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Rabenda v. Colvin

United States District Court, S.D. New York

June 28, 2018

ALICIA ANN RABENDA, Plaintiff,
v.
CAROLYN W. COLVIN, Defendant.

          ORDER

          GABRIEL W. GORENSTEIN, UNITED STATES MAGISTRATE JUDGE

         Background

         Plaintiff Alicia Ann Rabenda filed for social security benefits and her application was denied. See Complaint, filed May 1, 2015 (Docket # 1) ("Compl."), at ¶¶ 6-12. On May 1, 2015, Rabenda filed the instant complaint seeking review of the decision pursuant to 42 U.S.C. § 405(g). Compl. ¶ 1. After both parties moved for judgment on the pleadings, the case was remanded by stipulation. See Stipulation and Order, filed Apr. 27, 2016 (Docket # 23). Counsel was later awarded $4, 200 pursuant to the Equal Access to Justice Act, 28 U.S.C. § 2412, see Stipulation and Order, filed May 31, 2016 (Docket # 25).

         As a result of the remand, the Social Security Administration ("SSA") directed that Rabenda and her child were entitled to awards of past-due benefits. See Notice of Award, dated Feb. 19, 2018 (attached as Ex. C to the Affirmation of Charles E. Binder, filed Apr. 30, 2018 (Docket # 27) ("Binder Aff.")) ("Notice of Award"), at 1; Notice of Award for Monthly Child's Benefit, dated Feb. 16, 2018 (annexed as Ex. D to Binder Aff.) ("Notice of Child's Benefit Award"), at 1. The SSA withheld $14, 231.75 of Rabenda's past-due benefits as possible attorney's fees. Notice of Award at 3 (withholding $12, 174.50); Notice of Child's Benefit Award at 2 (withholding $2, 057.25). We assume that this amount represents 25% of past-due benefits awarded to Rabenda and her child given that the law permits awarding a maximum of 25% of such benefits in attorney's fees, 42 U.S.C. § 406(b)(1)(A), and the Social Security Administration stated in the notice that it "usually withhold[s] 25 percent of past due benefits in order to pay the approved representative's fees," Notice of Award at 3; see also Notice of Child's Benefit Award at 2 ("We cannot withhold more than 25 percent of past-due benefits to pay an authorized fee.").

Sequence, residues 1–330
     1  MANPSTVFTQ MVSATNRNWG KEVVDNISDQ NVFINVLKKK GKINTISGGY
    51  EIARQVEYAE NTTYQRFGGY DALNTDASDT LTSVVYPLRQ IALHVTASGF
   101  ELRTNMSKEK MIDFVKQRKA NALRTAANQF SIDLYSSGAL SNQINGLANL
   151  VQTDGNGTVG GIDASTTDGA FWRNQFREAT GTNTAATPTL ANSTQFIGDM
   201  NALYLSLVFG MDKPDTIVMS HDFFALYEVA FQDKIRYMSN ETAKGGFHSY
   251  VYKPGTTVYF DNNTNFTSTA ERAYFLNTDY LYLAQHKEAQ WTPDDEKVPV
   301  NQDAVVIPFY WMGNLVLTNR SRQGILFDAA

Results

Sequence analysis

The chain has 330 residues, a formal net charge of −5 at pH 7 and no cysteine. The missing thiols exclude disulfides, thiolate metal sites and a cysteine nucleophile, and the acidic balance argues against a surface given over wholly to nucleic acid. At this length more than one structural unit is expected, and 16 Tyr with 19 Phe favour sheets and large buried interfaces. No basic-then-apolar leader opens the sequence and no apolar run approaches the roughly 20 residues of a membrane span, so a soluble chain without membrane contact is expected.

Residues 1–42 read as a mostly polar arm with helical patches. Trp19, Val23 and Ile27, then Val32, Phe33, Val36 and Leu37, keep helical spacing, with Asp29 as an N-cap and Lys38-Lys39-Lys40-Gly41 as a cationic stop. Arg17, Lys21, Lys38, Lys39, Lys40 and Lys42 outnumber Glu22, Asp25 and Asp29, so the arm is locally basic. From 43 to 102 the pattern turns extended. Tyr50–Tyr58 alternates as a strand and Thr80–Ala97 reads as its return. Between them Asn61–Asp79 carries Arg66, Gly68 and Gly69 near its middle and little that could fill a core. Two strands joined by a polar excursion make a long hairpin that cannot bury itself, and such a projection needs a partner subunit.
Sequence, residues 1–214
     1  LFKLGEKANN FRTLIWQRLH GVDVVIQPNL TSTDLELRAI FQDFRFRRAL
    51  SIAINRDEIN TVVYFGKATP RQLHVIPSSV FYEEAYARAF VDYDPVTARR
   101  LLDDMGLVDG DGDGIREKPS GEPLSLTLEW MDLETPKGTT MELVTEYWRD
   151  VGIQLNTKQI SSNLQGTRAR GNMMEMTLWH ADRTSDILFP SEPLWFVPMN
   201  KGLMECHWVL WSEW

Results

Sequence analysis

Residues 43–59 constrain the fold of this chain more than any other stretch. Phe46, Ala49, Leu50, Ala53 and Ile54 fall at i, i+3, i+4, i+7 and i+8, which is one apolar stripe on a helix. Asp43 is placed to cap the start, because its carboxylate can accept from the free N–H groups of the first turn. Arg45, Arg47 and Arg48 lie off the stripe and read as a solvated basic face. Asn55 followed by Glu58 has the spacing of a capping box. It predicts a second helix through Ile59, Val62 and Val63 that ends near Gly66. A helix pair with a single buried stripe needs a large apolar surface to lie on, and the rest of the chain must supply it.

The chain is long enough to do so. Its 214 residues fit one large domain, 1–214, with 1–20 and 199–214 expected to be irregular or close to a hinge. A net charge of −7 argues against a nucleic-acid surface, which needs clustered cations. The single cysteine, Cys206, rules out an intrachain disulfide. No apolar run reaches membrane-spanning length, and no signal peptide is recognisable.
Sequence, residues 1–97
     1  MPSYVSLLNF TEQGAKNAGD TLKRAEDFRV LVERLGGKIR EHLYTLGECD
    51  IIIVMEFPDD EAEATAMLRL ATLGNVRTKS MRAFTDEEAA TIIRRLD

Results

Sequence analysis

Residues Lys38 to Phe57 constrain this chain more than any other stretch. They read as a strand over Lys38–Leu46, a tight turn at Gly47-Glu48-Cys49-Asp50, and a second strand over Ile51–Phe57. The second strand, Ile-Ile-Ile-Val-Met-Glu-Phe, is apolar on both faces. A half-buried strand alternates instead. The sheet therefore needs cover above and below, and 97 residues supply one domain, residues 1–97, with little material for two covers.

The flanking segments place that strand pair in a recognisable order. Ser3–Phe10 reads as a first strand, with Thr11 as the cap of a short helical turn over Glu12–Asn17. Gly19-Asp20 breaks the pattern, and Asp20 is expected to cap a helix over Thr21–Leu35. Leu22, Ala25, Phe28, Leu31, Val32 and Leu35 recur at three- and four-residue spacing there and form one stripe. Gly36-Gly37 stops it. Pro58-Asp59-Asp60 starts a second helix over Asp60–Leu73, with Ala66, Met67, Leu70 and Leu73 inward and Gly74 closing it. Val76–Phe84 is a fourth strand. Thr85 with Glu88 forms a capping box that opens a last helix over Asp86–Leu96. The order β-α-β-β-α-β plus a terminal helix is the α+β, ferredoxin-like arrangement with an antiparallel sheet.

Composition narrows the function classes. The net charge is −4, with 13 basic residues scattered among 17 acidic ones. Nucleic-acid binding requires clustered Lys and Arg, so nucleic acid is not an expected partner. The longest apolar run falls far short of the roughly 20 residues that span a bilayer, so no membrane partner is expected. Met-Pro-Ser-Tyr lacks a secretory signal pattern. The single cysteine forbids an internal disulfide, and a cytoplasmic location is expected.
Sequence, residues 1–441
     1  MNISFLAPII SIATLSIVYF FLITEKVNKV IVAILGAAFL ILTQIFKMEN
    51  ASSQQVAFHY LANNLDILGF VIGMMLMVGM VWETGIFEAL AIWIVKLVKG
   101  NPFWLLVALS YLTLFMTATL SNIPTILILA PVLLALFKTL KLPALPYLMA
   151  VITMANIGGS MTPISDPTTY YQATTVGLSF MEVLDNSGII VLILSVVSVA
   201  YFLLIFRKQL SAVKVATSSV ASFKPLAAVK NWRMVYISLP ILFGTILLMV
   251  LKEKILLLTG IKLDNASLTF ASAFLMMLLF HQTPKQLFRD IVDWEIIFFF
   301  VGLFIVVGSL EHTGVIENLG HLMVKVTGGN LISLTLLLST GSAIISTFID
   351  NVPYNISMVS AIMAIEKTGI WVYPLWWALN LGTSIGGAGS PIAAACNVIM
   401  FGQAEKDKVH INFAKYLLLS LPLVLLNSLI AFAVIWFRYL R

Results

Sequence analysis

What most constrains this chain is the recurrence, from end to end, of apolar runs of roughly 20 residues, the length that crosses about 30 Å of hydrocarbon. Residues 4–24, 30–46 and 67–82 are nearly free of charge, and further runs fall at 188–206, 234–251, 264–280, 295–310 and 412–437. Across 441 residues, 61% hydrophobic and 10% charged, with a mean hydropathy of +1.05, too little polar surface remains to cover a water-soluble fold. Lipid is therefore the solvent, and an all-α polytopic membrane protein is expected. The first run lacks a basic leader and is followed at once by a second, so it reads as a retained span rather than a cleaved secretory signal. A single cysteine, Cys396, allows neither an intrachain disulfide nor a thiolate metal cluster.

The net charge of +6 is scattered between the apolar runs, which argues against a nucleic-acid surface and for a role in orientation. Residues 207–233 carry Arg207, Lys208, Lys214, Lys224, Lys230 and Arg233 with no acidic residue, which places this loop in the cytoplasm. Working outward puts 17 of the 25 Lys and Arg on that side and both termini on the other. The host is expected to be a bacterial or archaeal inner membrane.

Pursuant to statute, "[w]henever a court renders a judgment favorable to a claimant... who was represented before the court by an attorney, the court may determine and allow as part of its judgment a reasonable fee for such representation," but that fee may not exceed "25 percent of the total of the past-due benefits to which the claimant is entitled." See 42 U.S.C. § 406(b)(1)(A). Counsel seeks $14, 231.75 for his work performed in the federal court proceedings based on the contingent fee agreement counsel made with Rabenda, which provides that Rabenda's attorney will receive 25% of any past-due benefits award. See U.S. District Court Retainer Agreement and Assignment, dated Apr. 21, 2015 (annexed as Ex. A to Binder Aff), ¶ I. Contemporaneous time records show that counsel spent 22.9 hours in the federal court proceeding. See Itemization of Hours Re: Alicia Rabenda v. Commissioner of SSA, dated Aug. 2, 2015 through Mar. 24, 2016 (annexed as Ex. B to Binder Aff).

         Discussion